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Pledging for Brotherhood

The University is cooperating with an ongoing review of its handling of sexual assault complaints by the Office of Civil Rights. 

That may be one reason why the administration and student leaders pressed ahead with fraternity reforms, even after parts of a story in Rolling Stone Magazine were discredited. 

Fraternity members offer many reasons for joining up.  We spoke with several before UVA began its spring rush. Jalen Ross is an ardent member of Phi Delta Theta where he finally found the brotherhood he was looking for.

“I’m the oldest of four, but my three youngest sisters, they’re all sisters, so I was happy to find 60 brothers that I could start a new life with.” 

Julian Jackson is president of UVA’s Pan-Hellenic Council, an association of black fraternities.  He boasts that Martin Luther King, Thurgood Marshall and Paul Robeson were all members of his frat – a place they could find support for their cultural values.

“It provided a lot of guidance initially. Being in a new atmosphere, meeting new people,  different types of people, you can really kind of lose yourself, and  it’s that bond, that sense of brotherhood and sisterhood that keeps you based in your morals and your values and really kind of acts as a support system while you’re here.”

Allen Au is president of the Multi-Cultural Greek Council – a group of Asian and Latino fraternities and sororities.  An accounting major, he figured joining a fraternity would expand his professional network:

“I would be lying if I said that was not a consideration most people make when they decide whether to join or not.

And at a fairly large school, he says, an Asian fraternity offers a comfortable place to connect with peers.

“If you take my own organization, Lambda Phi Epsilon, for example, it was really created because the Asian demographic didn’t  really feel like they were being properly represented in the traditional fraternity system.”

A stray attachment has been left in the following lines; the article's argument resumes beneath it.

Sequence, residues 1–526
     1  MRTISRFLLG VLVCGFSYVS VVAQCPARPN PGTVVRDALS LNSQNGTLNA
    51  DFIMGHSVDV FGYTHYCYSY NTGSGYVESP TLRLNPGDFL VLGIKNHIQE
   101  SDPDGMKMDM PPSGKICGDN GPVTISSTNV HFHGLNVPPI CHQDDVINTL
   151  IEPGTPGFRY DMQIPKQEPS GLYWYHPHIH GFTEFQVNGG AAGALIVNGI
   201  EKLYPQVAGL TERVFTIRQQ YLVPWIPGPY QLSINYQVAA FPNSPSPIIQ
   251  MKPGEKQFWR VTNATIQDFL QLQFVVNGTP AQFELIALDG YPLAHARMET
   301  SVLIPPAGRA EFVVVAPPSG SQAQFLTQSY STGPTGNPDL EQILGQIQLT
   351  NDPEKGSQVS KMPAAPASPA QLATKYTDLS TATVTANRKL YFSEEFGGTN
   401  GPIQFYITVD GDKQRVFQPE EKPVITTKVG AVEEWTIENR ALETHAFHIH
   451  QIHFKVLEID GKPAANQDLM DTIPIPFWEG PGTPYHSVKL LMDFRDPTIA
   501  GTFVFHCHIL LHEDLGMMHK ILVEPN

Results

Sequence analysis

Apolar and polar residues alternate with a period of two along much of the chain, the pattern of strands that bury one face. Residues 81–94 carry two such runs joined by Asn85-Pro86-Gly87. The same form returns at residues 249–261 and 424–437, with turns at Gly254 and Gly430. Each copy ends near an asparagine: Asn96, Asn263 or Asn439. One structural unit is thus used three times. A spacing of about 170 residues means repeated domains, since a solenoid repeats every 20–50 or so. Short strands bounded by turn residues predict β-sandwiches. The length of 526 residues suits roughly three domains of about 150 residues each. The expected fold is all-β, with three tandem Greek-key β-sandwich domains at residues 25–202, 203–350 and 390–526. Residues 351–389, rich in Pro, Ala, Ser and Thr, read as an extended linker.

Daniel Drangstveit, a member of Phi Society, says the charitable work that fraternities do looks good on the resume.

“In addition to meeting great people, I saw it as a good resume builder, because you’re doing a lot of community service and like a bunch of fundraisers, like philanthropy.”

“Hey guys, I can take whoever is next.”

Whatever the reason, nearly a thousand guys showed up for this year’s rush week registration – about the same number as last year.  Freshman Nicholas Milkovich says he was not deterred by the bad press fraternities got from Rolling Stone and other publications. 

“I think you’re going to find out-of-control people anywhere, so I’m not put off by anything that’s been in the news.”

About half of those who showed up for last year’s informational meeting decided not to join a fraternity, and this year some guys were definitely on the fence.  Kevin Martin of Charlottesville and Massi Flici of Roanoke just wanted to join two weeks of parties designed to introduce prospective members to the school’s frats. 

“The rush process just seems like a lot of fun, and I just wanted to see what it was about.  I heard there was a lot of good food.  I’m up in the air about it, but hopefully I’ll find out here in the next few days.”

Jalen Ross says some seniors may be taking fraternity membership off their resumes as they prepare to enter the job market, but he hopes last year’s scandal won’t dissuade freshmen from joining fraternities.

"I can imagine the conversations with people’s parents going ‘There’s literally no way I’m letting you join a fraternity,’ and that’s unfortunate, because I think it’s been an incredibly positive experience in my life and for a lot of folks around here.”

Even if sign-ups are down, one thing seems likely.  For the rest of this year, Jack Carlin says fraternity members will be on their best behavior, if only to prove critics like Rolling Stone wrong.

“I mean it should be a wake up call to a lot of guys, knowing this sort of thing happens.  Don’t be the one.  Don’t do anything that could lead to something like this.  Y’know, use your head.”

Rush will culminate at the end of this month with invitations to join fraternities.  

Sandy Hausman is Radio IQ's Charlottesville Bureau Chief
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